Mend the city
Edinburgh: City of broken streets (part 2)
Since launching our campaign to repair Edinburgh’s broken streets and pavements and improve the litter situation there has been some positive response from the City Council.
So, well done Edinburgh City Council for at least starting work on the unfinished paving on Waverley Bridge. See before and after, left.
We would like to think the tarmac was there because this post is being removed as it doesn’t seem to be in use. Watch this space.
The sign-less grey pole also remains unmoved and some of the newly-laid paving has been dug up around another lamp post (below).
Work to repair the broken pavement in West Register Place opposite the Balmoral (below) and remove the unused pole shows no sign of being attended to in spite of the council saying it would report the matter to the relevant team.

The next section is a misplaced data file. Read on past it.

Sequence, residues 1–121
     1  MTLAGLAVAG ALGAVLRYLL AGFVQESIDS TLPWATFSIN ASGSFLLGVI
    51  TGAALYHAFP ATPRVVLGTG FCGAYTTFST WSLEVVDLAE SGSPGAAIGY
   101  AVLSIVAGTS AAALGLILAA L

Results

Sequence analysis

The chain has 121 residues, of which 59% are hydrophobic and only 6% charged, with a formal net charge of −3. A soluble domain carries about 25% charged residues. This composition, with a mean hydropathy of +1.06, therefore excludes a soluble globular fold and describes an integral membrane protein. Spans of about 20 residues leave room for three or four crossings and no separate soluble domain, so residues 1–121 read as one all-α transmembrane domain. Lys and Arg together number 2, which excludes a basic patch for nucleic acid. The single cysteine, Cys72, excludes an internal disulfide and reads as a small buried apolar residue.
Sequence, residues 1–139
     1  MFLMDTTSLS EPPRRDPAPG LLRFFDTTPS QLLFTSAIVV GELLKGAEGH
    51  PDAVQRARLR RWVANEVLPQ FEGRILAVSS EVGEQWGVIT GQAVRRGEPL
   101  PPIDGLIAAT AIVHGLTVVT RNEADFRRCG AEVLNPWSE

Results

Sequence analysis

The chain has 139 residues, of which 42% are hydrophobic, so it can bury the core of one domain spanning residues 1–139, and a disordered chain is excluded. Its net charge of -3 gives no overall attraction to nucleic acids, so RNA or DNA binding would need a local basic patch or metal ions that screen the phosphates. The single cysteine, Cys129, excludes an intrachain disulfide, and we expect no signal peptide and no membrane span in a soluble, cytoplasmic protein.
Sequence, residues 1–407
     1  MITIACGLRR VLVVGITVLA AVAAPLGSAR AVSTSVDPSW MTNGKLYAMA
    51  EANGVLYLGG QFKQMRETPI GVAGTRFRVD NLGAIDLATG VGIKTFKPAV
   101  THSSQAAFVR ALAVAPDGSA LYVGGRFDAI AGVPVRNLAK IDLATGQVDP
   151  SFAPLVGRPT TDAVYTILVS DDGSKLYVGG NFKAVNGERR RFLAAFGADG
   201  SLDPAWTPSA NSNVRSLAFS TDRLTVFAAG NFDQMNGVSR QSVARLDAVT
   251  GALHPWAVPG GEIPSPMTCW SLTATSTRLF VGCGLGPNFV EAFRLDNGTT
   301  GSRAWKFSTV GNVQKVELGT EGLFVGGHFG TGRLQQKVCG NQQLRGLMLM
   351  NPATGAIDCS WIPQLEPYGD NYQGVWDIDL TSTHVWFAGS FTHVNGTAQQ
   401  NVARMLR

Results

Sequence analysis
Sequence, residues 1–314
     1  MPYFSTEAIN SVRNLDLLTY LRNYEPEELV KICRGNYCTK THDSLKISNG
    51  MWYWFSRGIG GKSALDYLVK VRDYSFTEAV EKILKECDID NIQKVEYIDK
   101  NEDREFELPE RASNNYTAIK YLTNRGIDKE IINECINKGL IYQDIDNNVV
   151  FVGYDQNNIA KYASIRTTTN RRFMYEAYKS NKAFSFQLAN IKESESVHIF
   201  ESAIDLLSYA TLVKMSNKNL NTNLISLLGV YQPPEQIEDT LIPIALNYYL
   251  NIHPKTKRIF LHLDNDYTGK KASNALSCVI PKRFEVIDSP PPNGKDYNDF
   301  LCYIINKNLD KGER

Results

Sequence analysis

A reader sends a picture below of South College Street showing newly-reinstated cobbles in South College Street and remarks: “They can do it if they try.” So, credit for this job.
Broughton St was recently closed for two weeks to allow for pipe-laying, but the “reinstated” road is already a pothole waiting to happen as a result of poor tarmac work (below).
It is good to see that the tarmac left at the western end of Princes St following the tram work is slowly being replaced. Once again, however, it is far from satisfactory. A guest who had a meeting with Daily Business in the Caledonian remarked on the uneven surface of the new paving outside the Huxley.
Furthermore, the area appears to be smothered in cement. The transmission box has been left leaning at an angle and scrawled with graffiti (below).
Oh, and the area has its own useless, unused pole (below) just to add to those in virtually every other street in the city centre. Once again, as with the one in Waverley Bridge, the workmen have carefully cut the paving around this pointless piece of street furniture (before covering the pavement in cement).
Perhaps this signpost should have a sign on it saying Welcome to the Waldorf. At least it would then have a purpose. Alternatively, it could warn visitors about the wonky new paving and other problems under foot.